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[Coastal Conditions Survival Guide]

Coastal Conditions Survival Guide

Drive along any one of Perth’s scenic coastal roads and you’ll easily spot those homes that are surviving the harsh conditions that go hand in hand with a coastal location. Properly specified when built and regularly maintained in the years since, these homes look good despite constant exposure to the destructive effects of salty sea air, high winds and harsh weather. Not fairing so well are those that haven’t been suitably specified and maintained. They are literally weathering, warping, fading and corroding before our eyes as the coastal conditions take their toll year after year.

Much the same can be said of homes built along the banks of the Swan River, which is described as ‘brackish’, or slightly salty. Riverside homes may not have the detrimental effects of ‘breaking surf’ to contend with, but they are still more exposed to the forces of salt, weather and high winds than homes built further away from the water.

It’s important to note that local planning authorities will not dictate any requirements in terms of making sure the materials used in your new home are suitable for coastal conditions. When it comes to the structural elements, that’s the responsibility of your builder in line with Australian Standards and the NCC 2016 Building Code of Australia (BCA) – Volume Two, which do dictate the use of certain products in certain environments. Meeting the requirements for coastal conditions does have the potential to add significant cost to your build because specially treated or higher-grade products will need to be specified. The products will vary depending on just how close to the ocean you are.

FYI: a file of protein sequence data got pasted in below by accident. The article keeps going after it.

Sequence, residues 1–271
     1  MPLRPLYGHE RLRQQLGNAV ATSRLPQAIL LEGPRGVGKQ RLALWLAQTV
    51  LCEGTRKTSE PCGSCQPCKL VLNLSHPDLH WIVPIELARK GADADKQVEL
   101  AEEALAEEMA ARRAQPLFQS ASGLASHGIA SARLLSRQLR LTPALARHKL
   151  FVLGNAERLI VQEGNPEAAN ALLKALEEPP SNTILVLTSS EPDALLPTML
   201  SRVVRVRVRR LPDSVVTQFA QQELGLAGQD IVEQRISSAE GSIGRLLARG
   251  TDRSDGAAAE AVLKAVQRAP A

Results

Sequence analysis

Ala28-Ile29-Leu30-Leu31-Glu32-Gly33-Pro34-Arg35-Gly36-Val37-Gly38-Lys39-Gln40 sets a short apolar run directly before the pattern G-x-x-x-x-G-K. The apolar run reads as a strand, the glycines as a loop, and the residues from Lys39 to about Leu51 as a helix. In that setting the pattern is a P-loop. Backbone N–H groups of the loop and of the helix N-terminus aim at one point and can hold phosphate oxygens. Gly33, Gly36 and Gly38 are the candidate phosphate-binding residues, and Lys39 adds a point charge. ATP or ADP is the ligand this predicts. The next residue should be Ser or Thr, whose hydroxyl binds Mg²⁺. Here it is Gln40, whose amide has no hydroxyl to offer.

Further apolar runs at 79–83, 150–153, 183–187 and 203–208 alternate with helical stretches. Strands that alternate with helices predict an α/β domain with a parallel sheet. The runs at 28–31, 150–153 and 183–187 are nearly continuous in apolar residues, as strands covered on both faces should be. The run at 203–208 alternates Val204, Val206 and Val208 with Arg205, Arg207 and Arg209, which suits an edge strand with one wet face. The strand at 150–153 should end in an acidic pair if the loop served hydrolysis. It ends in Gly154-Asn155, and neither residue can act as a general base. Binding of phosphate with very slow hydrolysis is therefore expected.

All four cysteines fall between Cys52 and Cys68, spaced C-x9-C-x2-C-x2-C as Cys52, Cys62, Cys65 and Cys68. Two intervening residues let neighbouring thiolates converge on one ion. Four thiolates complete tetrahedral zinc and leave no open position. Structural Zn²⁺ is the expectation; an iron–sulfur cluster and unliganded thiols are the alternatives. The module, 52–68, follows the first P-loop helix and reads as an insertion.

Corrosion protection

The NCC and Australian Standards require varying degrees of corrosion protection for buildings constructed within 10km of ‘breaking surf’ or up to 1km of non-surf coastline, such as the river. The requirements are most stringent for homes built within 1km of breaking surf or within 100m of the river. Breaking surf means any area of salt water in which waves break on an average of at least four days a week, not including white caps or choppy water. It usually occurs in areas exposed to the open sea.

AS4773, for example, stipulates minimum requirements for items such as mortar and cavity ties. Roof sheeting is covered by AS2312 and tie-down straps by AS4680. Different requirements are provided for different proximities to the coast.

Wind loadings

The design of your new home will also take into account wind loadings based on the region, the terrain category, a shielding factor and the topographic effect. Wind loadings, as determined by a structural engineer, also reference Australian Standards and the NCC. They will determine the type of window frames used, the thickness of the glazing and the structure of the roof frame. High wind loadings, for example, may have a detrimental effect on the frames of residential windows spanning large distances. These window frames may have a tendency to flex under high wind loads and it is typically necessary to up-spec to a more robust commercial frame to meet the requirements of AS4055.